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Editorial: Mean girls victimize us all

| Friday, Oct. 5, 2018, 3:33 p.m.

Raise your hand if you were personally victimized by a mean girl.

The Tina Fey-penned Lindsay Lohan movie “Mean Girls” is the mother of a thousand memes. It’s one of those movies where people of a certain age can just start sputtering lines at each other and it puts you right back into the first time you saw it, or right back into the halls at your own high school, navigating cliques and dealing with the popular kids who ran it.

It’s funny because it’s exaggerated but it’s also a little bit real.

It’s not funny for a boy who is being homeschooled in Butler County.

Where the characters in the movie lied and manipulated each other casually and with consequences that were wrapped up in two hours to a happily ever after, that’s not what Michael and Alecia Flood say happened to their son. In a federal lawsuit filed this week, the couple demand justice for false claims of indecent assault, simple assault, criminal trespass and harassment that five girls either levied or backed up in two separate incidents.

These claims had consequences. The boy went to juvenile detention. He was kicked off the baseball team. He was kept on house arrest.

Three of the girls later admitted to lying, according to the suit. They were not charged for it. That’s part of the suit, too.

This is exactly the kind of case people point to when a high profile sex crime is alleged.

See, they say. Girls lie. Girls are devious. Girls are mean.

They aren’t wrong. Some girls do lie. Some girls are mean. But just as they caution that every man is not a predator and can’t be assumed to be an attacker, and that everyone accused of a crime has to have a presumption of innocence, we have to answer back the same about the accusers.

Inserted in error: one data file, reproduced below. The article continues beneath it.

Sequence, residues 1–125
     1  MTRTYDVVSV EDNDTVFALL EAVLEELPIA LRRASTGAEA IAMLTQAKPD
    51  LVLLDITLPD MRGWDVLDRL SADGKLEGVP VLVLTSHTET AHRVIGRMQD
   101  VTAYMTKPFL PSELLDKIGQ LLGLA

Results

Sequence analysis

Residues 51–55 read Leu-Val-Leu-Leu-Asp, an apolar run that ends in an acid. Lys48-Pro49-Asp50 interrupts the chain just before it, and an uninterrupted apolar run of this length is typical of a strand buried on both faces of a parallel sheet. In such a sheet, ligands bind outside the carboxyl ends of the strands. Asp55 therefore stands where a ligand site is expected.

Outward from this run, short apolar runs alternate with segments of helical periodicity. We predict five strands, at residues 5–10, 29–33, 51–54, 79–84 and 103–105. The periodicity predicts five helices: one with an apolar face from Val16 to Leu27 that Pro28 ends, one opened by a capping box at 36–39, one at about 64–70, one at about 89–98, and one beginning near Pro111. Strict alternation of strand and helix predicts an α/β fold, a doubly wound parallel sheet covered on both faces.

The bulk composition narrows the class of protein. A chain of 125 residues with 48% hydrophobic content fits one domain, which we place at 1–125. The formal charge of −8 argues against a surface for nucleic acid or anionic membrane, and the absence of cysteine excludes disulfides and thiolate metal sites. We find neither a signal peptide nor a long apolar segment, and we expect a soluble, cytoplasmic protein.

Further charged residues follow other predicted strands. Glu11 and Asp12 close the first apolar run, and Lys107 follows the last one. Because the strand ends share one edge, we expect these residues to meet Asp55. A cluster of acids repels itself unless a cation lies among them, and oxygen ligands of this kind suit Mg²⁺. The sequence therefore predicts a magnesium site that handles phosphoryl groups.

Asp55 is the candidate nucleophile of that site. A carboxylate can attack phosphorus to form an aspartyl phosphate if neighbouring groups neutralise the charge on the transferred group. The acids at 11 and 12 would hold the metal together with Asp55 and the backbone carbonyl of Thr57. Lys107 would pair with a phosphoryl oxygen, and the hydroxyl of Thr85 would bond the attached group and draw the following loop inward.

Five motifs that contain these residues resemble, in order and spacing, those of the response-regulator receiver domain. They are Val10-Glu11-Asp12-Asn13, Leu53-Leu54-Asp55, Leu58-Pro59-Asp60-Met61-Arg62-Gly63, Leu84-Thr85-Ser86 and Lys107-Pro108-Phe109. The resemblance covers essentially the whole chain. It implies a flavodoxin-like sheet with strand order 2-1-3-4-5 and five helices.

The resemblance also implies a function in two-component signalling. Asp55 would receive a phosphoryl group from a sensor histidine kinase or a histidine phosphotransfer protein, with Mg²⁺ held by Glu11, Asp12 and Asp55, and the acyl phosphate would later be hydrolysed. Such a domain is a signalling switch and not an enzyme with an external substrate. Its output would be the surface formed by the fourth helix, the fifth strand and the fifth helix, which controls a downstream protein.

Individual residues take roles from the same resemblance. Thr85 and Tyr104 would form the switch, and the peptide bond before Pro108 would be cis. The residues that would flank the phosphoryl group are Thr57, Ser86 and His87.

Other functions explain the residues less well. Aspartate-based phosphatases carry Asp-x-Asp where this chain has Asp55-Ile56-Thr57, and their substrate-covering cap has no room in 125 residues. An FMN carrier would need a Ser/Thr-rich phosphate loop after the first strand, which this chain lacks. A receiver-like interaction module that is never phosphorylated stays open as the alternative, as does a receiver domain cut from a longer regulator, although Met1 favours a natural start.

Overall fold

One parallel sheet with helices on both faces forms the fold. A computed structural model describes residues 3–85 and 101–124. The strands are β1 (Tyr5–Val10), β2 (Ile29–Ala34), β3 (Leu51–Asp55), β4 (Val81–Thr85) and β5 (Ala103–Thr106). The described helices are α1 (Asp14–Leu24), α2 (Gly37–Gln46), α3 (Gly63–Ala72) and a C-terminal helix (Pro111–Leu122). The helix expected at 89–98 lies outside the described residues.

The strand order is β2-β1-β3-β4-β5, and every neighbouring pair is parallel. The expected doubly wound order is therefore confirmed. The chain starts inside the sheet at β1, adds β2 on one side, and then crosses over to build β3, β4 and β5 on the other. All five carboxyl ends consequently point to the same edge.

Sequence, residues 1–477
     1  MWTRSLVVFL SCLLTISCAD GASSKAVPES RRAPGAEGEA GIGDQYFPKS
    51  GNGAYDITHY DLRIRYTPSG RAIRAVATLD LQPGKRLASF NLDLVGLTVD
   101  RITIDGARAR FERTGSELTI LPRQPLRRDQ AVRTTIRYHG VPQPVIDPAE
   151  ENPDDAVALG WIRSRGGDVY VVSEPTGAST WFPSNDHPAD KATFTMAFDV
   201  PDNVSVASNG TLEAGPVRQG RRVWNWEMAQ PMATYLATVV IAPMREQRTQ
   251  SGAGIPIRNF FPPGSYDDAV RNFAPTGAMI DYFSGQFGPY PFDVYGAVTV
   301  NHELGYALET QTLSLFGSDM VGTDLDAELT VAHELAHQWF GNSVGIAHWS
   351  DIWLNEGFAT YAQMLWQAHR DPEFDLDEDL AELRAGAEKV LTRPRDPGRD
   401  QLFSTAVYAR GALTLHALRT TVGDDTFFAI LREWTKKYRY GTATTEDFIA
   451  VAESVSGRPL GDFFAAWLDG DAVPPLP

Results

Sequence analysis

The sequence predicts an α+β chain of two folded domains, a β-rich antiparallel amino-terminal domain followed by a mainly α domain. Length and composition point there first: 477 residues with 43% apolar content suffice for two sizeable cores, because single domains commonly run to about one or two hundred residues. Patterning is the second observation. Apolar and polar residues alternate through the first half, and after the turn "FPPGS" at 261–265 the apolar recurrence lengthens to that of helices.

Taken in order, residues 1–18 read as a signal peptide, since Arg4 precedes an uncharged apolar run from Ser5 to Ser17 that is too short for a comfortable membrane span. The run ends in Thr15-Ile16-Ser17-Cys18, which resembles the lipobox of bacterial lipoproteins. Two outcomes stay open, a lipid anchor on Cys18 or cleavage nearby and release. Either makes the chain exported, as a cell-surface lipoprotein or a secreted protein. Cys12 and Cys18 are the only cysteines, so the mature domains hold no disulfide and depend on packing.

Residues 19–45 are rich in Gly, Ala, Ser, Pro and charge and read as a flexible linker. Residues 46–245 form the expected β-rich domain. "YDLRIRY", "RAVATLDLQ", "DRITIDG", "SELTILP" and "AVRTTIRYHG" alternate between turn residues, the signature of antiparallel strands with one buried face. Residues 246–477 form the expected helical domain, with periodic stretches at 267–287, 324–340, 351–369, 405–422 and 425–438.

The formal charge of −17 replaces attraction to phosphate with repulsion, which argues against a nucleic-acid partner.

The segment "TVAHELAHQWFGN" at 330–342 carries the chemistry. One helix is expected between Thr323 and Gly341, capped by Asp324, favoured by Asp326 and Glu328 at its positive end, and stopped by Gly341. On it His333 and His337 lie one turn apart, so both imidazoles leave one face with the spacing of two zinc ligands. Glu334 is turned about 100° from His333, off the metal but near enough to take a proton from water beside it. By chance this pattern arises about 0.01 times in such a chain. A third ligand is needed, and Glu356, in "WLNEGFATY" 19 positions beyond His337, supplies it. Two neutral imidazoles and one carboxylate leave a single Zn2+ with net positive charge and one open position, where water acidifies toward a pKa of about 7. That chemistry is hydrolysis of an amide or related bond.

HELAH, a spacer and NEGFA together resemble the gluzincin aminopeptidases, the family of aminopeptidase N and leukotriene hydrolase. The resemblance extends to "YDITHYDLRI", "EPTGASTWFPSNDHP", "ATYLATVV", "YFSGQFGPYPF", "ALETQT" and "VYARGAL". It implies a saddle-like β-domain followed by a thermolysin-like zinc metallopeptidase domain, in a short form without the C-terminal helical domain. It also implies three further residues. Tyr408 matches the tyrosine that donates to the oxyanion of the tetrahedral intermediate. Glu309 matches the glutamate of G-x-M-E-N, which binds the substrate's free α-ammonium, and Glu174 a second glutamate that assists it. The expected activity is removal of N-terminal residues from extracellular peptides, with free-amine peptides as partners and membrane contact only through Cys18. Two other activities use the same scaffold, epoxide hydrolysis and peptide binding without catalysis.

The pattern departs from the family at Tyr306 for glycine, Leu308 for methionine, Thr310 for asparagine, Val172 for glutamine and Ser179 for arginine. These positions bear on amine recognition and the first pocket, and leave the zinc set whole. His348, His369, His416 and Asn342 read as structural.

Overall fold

Some girls do lie. It’s true. Other girls tell the truth. Most girls tell the truth. The National Sexual Violence Resource Center estimates between 2-10 percent of reports are “false.”

The wide range in those numbers is because not every police department follows the FBI guidelines for what is false versus what is unfounded. An unfounded report may be one of those just made up, yes, but it may also include those where not enough evidence was found to charge someone, or the victim decided not to prosecute, or because the case didn’t move forward in other ways.

And that is why girls that lie hurt everyone.

They hurt the boy they lie about. They hurt his parents. They hurt their school and the justice system. Maybe more than anything else, they hurt all of the other girls and women who will be dismissed as liars simply because they made an accusation, and hey, girls lie.

Girls who lie make it possible to reduce every real story of victimization to a “Yeah, if it’s true” dismissal. They make a predator’s motives less important than those of the person reporting a crime, and all of it comes together to make it less likely that a sexual assault will be reported.

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